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The Uberproject has been keen to play with grinders and grind profiles since its inception. I did postearlier on this topic in April 2009. At Caffe Culture in London in May while working on the Uber Bar, I met with Luca Caneve from Ditting, which is where the 805( aka Mahlkoning Tanzania) is built, with Georg Lauridsen from Mahlkönig and James from Square Mile. My idea was to get the grinder gurus and the coffee guru and the nerdy middleman (me) to facilitate a research session where we could start to learn more about the perfect grind profile and how to achieve it. But where to start?

[caption id="attachment_206" align="aligncenter" width="300" caption="Mojo Grind profiles and Coffee - Away we go! "]Mojo Grind profiles and Coffee - Away we go! [/caption]      

We eventually decided to begin with French Press and put together a program where we would take the best off-the shelf burrs in the Tanzania/805, which had already been mechanically modified for Caffe Culture (the first Über Grinder).

We compared those profiles available and I was surprised to see the so-called ‘Turkish disc’ grind profile came out as the best available, as it yields the closest to a single peak particle distribution at the particle size where FP lives.


[caption id="attachment_198" align="aligncenter" width="349" caption="standard Ditting 805 turkish disc at FP 'coarseness'"]standard Ditting 805 turkish disc at FP 'coarseness'[/caption]        

From here, I set a pretty rigid framework for the day, Essentially, we designed grind profiles using sieves to fix the profile. We then brewed, measured and cupped them, with details below.


We used Bodum insulated French press, varying only the grind with these brewing constants:

Coffee                          – Colonia San Juan 8 Estrellas from Square Mile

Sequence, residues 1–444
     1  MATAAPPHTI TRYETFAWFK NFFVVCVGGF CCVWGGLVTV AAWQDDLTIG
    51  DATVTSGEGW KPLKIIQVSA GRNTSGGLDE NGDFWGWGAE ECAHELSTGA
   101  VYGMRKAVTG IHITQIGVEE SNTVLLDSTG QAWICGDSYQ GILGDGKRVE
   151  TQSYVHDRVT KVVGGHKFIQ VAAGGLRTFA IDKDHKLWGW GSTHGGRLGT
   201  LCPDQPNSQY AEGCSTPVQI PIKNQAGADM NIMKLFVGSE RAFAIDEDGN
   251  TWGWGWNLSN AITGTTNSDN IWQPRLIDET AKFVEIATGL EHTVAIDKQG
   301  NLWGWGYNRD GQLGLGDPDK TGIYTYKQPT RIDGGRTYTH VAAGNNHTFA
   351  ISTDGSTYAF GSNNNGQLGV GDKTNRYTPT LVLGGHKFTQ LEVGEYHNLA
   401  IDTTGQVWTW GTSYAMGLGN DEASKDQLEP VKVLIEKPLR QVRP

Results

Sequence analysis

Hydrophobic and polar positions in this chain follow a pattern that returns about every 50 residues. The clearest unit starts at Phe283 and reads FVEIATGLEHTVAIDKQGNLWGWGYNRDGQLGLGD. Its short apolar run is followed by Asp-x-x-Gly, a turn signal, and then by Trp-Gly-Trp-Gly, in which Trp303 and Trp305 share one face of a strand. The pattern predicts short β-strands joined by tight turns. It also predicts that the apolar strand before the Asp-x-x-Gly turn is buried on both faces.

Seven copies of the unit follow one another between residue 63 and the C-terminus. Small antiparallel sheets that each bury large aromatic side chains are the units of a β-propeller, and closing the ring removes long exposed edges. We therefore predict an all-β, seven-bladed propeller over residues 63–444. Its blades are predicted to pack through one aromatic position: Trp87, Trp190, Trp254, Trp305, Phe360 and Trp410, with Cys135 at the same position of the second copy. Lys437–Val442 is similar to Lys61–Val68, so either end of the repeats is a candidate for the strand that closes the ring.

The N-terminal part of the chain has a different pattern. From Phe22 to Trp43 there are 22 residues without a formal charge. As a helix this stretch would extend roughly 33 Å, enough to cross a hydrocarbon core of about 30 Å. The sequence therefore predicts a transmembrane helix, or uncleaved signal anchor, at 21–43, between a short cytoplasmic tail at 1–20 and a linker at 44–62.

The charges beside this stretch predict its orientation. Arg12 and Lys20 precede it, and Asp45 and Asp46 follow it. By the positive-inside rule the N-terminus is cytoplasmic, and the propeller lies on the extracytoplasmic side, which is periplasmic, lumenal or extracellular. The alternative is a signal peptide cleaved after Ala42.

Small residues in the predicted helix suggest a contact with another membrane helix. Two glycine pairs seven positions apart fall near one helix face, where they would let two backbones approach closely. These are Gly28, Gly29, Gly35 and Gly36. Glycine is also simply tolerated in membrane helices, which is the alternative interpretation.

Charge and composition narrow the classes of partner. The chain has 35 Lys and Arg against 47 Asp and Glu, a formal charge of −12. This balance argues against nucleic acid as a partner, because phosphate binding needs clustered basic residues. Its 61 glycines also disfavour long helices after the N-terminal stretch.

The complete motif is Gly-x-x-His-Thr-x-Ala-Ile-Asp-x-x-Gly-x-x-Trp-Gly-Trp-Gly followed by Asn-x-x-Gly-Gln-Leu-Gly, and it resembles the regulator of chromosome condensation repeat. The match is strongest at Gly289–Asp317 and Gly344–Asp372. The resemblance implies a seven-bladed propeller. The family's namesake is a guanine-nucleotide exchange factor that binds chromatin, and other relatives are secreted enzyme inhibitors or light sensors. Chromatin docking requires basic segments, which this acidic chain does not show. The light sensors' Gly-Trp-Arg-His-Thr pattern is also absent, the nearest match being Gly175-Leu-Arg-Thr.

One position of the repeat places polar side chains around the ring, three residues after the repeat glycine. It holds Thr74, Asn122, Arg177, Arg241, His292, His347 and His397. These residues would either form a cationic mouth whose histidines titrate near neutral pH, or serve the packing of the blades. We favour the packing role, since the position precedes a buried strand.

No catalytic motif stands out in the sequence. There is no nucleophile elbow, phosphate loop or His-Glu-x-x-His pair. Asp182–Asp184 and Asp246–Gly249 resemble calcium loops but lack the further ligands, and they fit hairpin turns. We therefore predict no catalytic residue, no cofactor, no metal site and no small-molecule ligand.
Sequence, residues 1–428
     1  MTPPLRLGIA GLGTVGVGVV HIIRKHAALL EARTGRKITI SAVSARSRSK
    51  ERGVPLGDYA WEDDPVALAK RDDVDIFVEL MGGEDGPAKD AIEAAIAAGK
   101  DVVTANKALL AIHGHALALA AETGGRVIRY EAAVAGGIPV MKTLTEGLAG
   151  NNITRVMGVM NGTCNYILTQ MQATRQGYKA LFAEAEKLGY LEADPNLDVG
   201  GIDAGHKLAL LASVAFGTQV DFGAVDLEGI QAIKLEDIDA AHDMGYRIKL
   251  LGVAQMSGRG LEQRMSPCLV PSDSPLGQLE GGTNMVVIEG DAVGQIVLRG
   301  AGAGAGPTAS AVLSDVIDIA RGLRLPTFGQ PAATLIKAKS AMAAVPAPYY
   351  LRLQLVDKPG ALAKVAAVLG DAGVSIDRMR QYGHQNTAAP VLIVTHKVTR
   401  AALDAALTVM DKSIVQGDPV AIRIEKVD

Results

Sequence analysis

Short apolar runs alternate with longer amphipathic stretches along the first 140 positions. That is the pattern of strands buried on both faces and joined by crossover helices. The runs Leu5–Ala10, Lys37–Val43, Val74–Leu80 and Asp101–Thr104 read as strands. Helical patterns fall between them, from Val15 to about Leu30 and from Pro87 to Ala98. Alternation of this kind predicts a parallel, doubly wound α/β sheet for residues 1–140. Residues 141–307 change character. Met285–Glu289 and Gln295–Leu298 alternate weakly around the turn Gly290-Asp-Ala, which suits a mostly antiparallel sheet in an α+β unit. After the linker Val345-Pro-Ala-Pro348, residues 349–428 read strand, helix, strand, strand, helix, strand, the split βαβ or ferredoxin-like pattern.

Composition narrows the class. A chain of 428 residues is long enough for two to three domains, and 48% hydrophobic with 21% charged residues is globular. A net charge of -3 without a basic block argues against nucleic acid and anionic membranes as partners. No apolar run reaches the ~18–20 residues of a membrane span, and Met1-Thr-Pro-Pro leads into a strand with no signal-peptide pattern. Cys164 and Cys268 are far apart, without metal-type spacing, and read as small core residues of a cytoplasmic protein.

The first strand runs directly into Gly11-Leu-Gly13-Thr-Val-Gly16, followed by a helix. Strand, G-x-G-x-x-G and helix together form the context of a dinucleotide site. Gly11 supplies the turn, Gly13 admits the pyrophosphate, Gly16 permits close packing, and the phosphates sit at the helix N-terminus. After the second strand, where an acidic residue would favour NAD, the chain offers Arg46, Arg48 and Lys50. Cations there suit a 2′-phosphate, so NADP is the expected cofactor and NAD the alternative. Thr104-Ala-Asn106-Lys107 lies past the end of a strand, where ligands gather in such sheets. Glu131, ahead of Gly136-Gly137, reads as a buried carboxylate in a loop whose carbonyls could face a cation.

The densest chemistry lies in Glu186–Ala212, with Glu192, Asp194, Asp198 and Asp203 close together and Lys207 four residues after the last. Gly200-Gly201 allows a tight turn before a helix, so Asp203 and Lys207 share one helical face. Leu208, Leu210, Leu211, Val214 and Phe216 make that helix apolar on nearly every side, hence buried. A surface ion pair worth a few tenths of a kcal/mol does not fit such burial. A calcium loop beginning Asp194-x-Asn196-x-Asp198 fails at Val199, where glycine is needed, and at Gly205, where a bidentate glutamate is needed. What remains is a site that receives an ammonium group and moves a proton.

Water                          – 140ppm (8 degrees German Hardness)

Coffee to water           – 60g/L

Temperature                – 93.5ºC

Contact Time              – 4 minutes (see below)


We used the Extract Mojo to chart each extraction. Therefore all brews were filtered through oxygen bleached filters (using a Chemex) immediately after plunging, to ensure accurate TDS readings.

[caption id="attachment_203" align="aligncenter" width="306" caption="8 Estrellas single peak 93.5C FP"]8 Estrellas single peak 93.5C FP[/caption]        


We had Joseph Smith, Marco’s Sales Manager and WBC judge with David Walsh (theotherblackstuff and coach to 4thin the world barista Colin Harmon) along with representatives of Mahlkönig and Ditting with myself. We didn’t use any scoring paraphernalia, rather fixed on comparing the balance of each cup and using comparative notes on which achieve the best result – i.e. the brew with no unwanted bitterness and all the sweetness and character the bean promised, without skimping on body (I believe a current trend exhibits a fear of the balanced cup, preferring the easy hit of thin sweetbombs of coffee).


[caption id="attachment_201" align="aligncenter" width="300" caption="Sieves were used to deliver these chosen grind profiles for test"]Sieves were used to deliver these chosen grind profiles for test[/caption]        


Before we cupped any of the brews, we chose what we wanted to compare.

We ‘designed’ grind profiles using the sieves and compared them against the standard grind. We then ensured we were achieving as close to 19% extraction as possible by allowing ourselves to play with the contact time.


Ultimately, I wanted us to compare the same coffee with the same roast profile extracted to the same percentage where the grind was the only differing factor to change the taste.

The result – a ‘single peak’ profile between 600 and 710µm as per below, as subsequently profiled in Ditting.



[caption id="attachment_202" align="aligncenter" width="426" caption="Is this the perfect profile for French Press Brewing>"]Is this the perfect profile for French Press Brewing>[/caption]


We reran the tests with an Indonesian Aceh, again from Square Mile, to find the same result i.e. this profile delivered the most balanced cup.


We will now attempt to emulate this profile in a new burr cut specifically for the Über Grinder. We will see how close current grinding technology can come to minimising fines while controlling the peak desired.

I know there are a ridiculously wide number of variables outside of those we fixed which influence coffee extraction, but hey, you gotta start somewhere!


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